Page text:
A look at Illinois’ historic budget impasse, deal to end it

CHICAGO – Illinois’s historic budget deadlock ended Thursday when lawmakers voted to override the Republican governor’s veto and give the state its first spending plan in more than two years. But there was little joy.

While some crises can be avoided, taxes raised and some areas will see cuts in government spending under the new plan. Republican governor Bruce Rauner and the Democrats who control the Legislature remain largely divided. And Illinois’s finances are much worse than when stagnation began in 2015.

Rauner, a former businessman, won the election in 2014 with the promise of doing more business in Illinois, reducing union influence and changing politics as usual.

Earlier, when his takeover, a temporary increase in income tax for four years allowed him to pay up to 7 billion in additional income per year was allowed to expire. Revenue is far exceeded and red ink began to accumulate.

The new governor has called for changes before signing another tax increase to balance the budget. Democrats objected, saying their program would affect ordinary middle-class residents and elders.

Illinois has accumulated more than $ 15 billion in overdue accounts to providers, such as social service agencies that deal with people with disabilities.

Shelter fighting domestic violence and the homeless were forced to close and universities have laid off thousands of employees.

As Illinois approaches July 1 – the start of the third fiscal year without a budget – pressure has increased. Rating agencies have warned against Illinois, which could become the first state in the United States to be reduced to “waste”, which would mean paying more to get loans.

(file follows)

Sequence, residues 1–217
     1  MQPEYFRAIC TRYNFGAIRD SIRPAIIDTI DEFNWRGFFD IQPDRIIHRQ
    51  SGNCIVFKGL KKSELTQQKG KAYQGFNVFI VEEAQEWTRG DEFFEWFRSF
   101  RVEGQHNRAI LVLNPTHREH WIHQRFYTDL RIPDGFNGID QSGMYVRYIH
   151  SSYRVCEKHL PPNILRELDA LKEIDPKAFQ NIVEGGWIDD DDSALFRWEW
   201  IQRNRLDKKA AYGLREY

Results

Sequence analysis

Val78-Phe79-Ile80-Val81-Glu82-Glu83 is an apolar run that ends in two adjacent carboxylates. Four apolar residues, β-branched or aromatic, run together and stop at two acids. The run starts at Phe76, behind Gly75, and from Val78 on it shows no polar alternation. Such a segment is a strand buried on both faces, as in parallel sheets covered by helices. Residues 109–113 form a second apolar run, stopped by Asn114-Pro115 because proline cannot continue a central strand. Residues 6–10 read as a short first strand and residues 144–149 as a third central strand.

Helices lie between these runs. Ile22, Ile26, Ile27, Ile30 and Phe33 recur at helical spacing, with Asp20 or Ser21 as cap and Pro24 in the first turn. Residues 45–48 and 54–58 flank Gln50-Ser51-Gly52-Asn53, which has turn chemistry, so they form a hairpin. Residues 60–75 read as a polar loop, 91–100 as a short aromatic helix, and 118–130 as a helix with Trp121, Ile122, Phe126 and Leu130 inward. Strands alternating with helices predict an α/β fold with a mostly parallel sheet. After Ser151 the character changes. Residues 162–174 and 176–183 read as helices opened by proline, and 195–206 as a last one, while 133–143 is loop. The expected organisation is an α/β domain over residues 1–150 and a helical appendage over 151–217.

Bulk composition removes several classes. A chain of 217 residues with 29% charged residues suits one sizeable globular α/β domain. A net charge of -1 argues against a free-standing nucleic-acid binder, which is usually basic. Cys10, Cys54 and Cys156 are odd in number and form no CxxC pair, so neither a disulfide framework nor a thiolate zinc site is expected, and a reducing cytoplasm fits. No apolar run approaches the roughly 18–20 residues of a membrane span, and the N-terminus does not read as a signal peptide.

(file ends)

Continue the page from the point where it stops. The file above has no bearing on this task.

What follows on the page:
When the new fiscal year began, many highway construction projects have stopped, putting thousands of employees out of work. The same week, the Illinois lottery stopped selling Powerball tickets.

In almost two dozen states, the fact of not approving a budget results in a closure of the government. Other states have consequences for deterring final spending plans, such as non-issuance of legislators’ salaries.

Illinois has no such laws. Instead, the government continued to spend billions of dollars a year because of laws and court orders that require certain items are still paid. Lawmakers also passed several “down-borrowing” bills to fund areas such as K-12 education.

While people who rely on the government for help have felt the pain, stagnation was barely perceptible to others. Some 63,000 state workers received paychecks, and schools and government offices remained open.

House Democrats introduced a new plan in late June, which incorporates parts of a deal approved by the Democrats in the Senate and another proposed by the Republicans.

Fifteen members of the Republican Party in the House and Senate have left Rauner and supported, helping the Democrats to send him to the governor’s office. Many lawmakers who broke ranks represent districts where universities and social service agencies have suffered.

Rauner vetoed the plan, calling it a “disaster” that does nothing to fix Illinois.

On Tuesday, the Illinois Senate voted to cancel the veto; The house did the same Thursday.

The plan envisions 36 billion to spend about $ 3 billion that Illinois has sent no budget.

This means that it is not good news and good news. Universities and providers who have not received any money for stagnation and have waited months to pay will soon have more reliable funding flow.

However, many will be funded at a lower level than they were the last time they had a full state Illinois budget.

Higher education, for example, will receive 5 percent less compared to the fiscal year that ended in the middle of 2015. State agencies also see a reduction of about 5%.

The plan is funded by an income tax increase of $ 5 billion. This increases the individual income tax from 3.75% to 4.95%.

This figure is slightly lower than the 5 percent tax rate that Illinois took from 2011 to 2014. How much it will cost individual households can vary considerably.